MRI-guided High-Intensity Focused Ultrasound of Breast Cancer

L.G. Merckel

Research output: ThesisDoctoral thesis 1 (Research UU / Graduation UU)


Magnetic resonance imaging-guided high-intensity focused ultrasound (MR-HIFU) is a promising technique for completely noninvasive tumor ablation. This thesis focuses on its application for the treatment of patients with breast cancer. The first part of the thesis describes the role of breast MRI for the diagnosis and selection of patients with early-stage breast cancer. The added diagnostic value of dynamic contrast-enhanced 3T breast MRI was investigated in patients with nonpalpable, suspicious breast lesions at conventional imaging. Breast MRI showed to provide additional diagnostic information over clinical information and conventional imaging. Furthermore, breast MRI was used to assess the eligibility of patients for minimally invasive breast cancer therapy based on tumor proximity to critical organs. Results showed that, if a safety margin of 10 mm to skin and pectoral muscle is required without treatment margin, 72.3% of patients would be eligible for minimally invasive treatment. Older patients with prognostically favorable tumors were more likely to be eligible for minimally invasive therapy than other patients if tumor location was considered. The second part of the thesis focuses on the technical aspects of MR-HIFU for breast tumor ablation. First, a dedicated MR-HIFU breast platform was presented, which was specifically developed for the treatment of tumors in the breast. The system is equipped with a wide aperture transducer that targets the breast laterally. The lateral sonication approach reduces the risk of heating critical organs in the thoracic cage. In addition, the wide aperture of the transducer decreases the risk of skin burns by lowering the energy density on the skin. Second, the effects of HIFU ablation and thermal exposure on ex vivo human breast tissue were reported. During these experiments, irreversible tissue deformations were observed upon HIFU ablation, which indicate that it may be necessary to monitor tissue deformations during MR-HIFU treatment in patients. In addition, a slow decline in breast tissue temperature was observed after HIFU ablation, which may result in an increased risk of heat accumulation during successive sonications. Third, the precision of rapid, multi-slice proton resonance frequency shift (PRFS)-based MR thermometry was evaluated. Two correction methods for respiration-induced artifacts were tested. In volunteers and patients, both correction methods improved the precision of the temperature measurements to below 3 ̊C. Moreover, the spatial targeting accuracy and precision of sonications with the dedicated MR-HIFU breast platform were investigated and proved to be 2.5 and 1.7 mm, respectively. The third and final part of the thesis reports the results of a phase I study assessing the safety and feasibility of tumor ablation in breast cancer patients with the dedicated MR-HIFU breast platform. Ten patients with breast cancer underwent partial tumor ablation before they underwent surgical resection. No major adverse events were observed. In all patients with adequate heating (> 55 ̊C) in the tumor, one or more areas with tumor necrosis were observed during histopathological analysis. In conclusion, MR-HIFU ablation in breast cancer patients with the dedicated MR-HIFU breast platform was proven to be safe and feasible.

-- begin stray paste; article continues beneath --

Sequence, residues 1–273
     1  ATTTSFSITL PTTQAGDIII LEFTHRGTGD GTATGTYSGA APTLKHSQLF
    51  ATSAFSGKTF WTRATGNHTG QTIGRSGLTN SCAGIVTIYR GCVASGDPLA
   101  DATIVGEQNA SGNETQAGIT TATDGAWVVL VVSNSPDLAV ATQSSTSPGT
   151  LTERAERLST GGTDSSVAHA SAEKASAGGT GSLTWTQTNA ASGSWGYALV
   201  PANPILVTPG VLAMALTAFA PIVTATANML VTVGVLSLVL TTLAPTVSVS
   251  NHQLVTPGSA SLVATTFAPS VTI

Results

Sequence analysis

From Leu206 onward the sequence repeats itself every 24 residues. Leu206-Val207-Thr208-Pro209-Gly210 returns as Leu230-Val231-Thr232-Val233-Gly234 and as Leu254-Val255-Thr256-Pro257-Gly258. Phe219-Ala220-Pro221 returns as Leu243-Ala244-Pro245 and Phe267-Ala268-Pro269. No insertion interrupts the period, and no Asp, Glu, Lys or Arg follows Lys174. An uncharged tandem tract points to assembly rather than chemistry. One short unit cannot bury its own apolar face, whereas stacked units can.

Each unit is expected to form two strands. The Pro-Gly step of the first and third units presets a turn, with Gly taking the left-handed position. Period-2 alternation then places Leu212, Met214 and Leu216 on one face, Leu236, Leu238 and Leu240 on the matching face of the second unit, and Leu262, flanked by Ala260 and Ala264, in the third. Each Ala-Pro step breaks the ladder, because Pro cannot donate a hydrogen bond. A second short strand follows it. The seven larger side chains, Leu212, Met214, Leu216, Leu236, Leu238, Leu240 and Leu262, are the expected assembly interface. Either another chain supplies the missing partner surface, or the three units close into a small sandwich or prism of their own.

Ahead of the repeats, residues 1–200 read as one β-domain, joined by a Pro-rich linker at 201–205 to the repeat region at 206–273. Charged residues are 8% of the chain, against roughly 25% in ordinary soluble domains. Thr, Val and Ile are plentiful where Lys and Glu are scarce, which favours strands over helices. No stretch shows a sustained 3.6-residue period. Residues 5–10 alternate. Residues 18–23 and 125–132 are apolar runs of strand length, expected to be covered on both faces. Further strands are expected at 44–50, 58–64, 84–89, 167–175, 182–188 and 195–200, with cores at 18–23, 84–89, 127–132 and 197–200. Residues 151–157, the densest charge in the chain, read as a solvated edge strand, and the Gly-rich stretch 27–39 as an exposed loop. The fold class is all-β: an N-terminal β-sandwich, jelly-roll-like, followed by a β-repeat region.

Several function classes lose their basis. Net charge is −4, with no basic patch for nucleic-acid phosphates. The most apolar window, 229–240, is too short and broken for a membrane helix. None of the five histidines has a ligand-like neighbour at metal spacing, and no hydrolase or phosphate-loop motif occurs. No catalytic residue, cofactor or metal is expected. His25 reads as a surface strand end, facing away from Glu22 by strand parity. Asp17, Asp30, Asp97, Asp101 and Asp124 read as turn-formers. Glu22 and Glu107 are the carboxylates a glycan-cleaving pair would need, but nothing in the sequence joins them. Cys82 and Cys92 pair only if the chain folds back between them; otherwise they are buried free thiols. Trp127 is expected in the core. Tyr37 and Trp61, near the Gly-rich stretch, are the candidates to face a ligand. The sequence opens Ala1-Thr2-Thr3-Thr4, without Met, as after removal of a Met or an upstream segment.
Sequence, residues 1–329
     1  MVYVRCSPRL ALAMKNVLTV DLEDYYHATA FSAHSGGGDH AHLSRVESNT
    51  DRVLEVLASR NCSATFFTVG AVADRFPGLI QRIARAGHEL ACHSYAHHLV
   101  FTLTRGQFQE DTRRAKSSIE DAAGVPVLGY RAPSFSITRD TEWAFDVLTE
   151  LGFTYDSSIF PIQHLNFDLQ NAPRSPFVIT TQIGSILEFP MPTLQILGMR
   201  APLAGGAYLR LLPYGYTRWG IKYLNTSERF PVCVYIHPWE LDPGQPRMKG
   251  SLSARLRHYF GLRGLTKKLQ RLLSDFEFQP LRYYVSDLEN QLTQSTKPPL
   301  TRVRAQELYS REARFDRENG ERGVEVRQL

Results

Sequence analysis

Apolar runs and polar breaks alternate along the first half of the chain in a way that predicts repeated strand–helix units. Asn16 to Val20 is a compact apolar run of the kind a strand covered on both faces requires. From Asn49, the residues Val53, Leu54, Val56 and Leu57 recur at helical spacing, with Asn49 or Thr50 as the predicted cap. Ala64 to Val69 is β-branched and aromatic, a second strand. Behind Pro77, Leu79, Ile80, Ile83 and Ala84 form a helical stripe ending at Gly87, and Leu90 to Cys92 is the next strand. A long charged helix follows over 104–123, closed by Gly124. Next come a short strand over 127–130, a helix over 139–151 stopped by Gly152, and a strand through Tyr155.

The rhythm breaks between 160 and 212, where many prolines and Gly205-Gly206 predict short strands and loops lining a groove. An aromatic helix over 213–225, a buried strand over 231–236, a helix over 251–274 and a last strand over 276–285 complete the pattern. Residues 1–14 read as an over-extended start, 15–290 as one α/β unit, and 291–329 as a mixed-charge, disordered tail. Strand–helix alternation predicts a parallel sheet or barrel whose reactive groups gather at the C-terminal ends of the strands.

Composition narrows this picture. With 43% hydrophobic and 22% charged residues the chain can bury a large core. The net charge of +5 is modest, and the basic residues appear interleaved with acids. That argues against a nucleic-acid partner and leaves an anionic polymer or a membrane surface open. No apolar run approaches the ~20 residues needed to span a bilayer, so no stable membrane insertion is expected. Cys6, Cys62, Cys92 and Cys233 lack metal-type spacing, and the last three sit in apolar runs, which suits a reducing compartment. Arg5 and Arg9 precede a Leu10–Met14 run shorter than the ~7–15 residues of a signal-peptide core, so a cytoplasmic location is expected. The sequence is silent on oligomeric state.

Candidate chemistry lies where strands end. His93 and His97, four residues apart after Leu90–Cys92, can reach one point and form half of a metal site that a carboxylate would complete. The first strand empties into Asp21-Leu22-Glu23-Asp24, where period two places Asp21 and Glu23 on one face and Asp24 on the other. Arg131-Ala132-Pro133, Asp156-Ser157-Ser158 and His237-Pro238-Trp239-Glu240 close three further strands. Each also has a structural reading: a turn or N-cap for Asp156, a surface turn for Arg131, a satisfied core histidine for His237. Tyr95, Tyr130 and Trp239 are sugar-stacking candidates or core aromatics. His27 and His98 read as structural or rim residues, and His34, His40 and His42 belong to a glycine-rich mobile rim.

Original languageEnglish
QualificationDoctor of Philosophy
Awarding Institution
  • University Medical Center (UMC) Utrecht
  • van den Bosch, Maurice, Primary supervisor
  • Mali, W.P.T.M., Supervisor
  • Bartels, Wilbert, Co-supervisor
Award date28 Oct 2014
Print ISBNs978-94-6169-566-6
Publication statusPublished - 28 Oct 2014


  • magnetic resonance imaging
  • breast cancer
  • high-intensity focused ultrasound
  • tumor ablation


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